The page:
In its first regular earnings report since catching up on delinquent filings, Diebold Inc. reported Thursday that its earnings surged 65% in the third quarter.
The North Canton, Ohio, company, a major maker of automated teller machines, credited large ATM sales volume in China and election equipment sales in Brazil, but executives cautioned that forecasting would be difficult due to sweeping changes in the U.S. banking industry and wide fluctuations in the dollar's value.
"I'm extremely proud of the progress we're making in a very difficult operating environment," Thomas W. Swidarski, Diebold's president and chief executive officer, said during a conference call with analysts.
Diebold, which gets roughly 70% of its revenue from the ATM business, wants to expand its services segment, Mr. Swidarski said.
Given the volatility of the banking industry recently, "the business case for these services has become even more compelling," he said.
To date, its biggest market for services has been U.S. financial companies, but he cited a contract signed in September with the U.S. Postal Service to provide video security monitoring in post offices, using Internet cameras. This deal, which potentially could last more than 12 years, should begin producing revenue for the company in 2009, he said.
In the third quarter, however, services revenue fell 6%, to $198.9 million, which Mr. Swidarski attributed to a slowdown in bank branch construction and retail store openings.
Overall, the company reported that net income surged 65%, to $46.5 million in the third quarter, compared to the same period last year. Revenue grew 20%, to $890.3 million.
Earnings of 70 cents per share topped the average of analysts' estimates by 6 cents. The analysts had expected $815.8 million of revenue on average.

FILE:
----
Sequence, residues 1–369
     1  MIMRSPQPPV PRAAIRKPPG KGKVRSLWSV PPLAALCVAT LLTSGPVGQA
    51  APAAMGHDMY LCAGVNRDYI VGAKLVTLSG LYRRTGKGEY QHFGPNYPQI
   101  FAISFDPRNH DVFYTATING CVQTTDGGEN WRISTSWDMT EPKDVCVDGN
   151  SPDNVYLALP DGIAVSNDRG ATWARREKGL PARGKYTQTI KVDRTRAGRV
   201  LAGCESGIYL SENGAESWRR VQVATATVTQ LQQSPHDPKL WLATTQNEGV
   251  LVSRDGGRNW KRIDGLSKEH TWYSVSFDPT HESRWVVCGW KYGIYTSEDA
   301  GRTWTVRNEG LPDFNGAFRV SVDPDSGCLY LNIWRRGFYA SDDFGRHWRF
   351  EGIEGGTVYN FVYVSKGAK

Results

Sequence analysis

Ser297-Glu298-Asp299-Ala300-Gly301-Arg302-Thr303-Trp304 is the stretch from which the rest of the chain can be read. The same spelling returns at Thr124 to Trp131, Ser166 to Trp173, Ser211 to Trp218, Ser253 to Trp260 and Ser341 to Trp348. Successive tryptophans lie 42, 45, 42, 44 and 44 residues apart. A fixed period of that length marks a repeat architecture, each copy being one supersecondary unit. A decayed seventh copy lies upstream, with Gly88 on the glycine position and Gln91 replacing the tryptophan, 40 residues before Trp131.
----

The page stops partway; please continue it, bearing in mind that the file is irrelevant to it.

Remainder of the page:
Citing certain nonroutine expenses, Diebold reduced its per-share earnings forecast for the full year to $1.42 to $1.45, down from the range of $1.52 to $1.62 it offered in September. But it raised the outlook on an adjusted basis, to $2.53 to $2.58 a share, from September's $2.40 to $2.45 range.
Kevin J. Krakora, Diebold's chief financial officer, noted that the new estimate of adjusted earnings points toward 30 to 35 cents of profit per share in the current quarter, but he cautioned that the company might have to write down 10 to 15 cents of this, primarily because of voting machine inventory that it does not know whether it will sell by yearend.
The news drove up Diebold's share prices. By midday Thursday, the stock had climbed 10.19% from Wednesday's close, to $28 per share.
Diebold had not issued a full earnings report since the start of last year, due to a long-running audit of its method of booking revenue. The company had booked revenue before some of its products were delivered, a method called "bill and hold," but has said that it now records revenue when it ships its products.
The audit required Diebold to restate its earnings back to 2003, a task completed last month.
It played an important role in a buyout offer Diebold spurned this year. United Technologies Corp., a Hartford, Conn., conglomerate, bid $40 per share in March, a 66% premium over its share price at the time.
Diebold's board rejected the offer, saying it undervalued the company, though because Diebold was delinquent in its filings, no one could have a true idea of its financial condition.
In August, when Diebold released a preliminary second-quarter report, several observers said it had been right to reject the offer.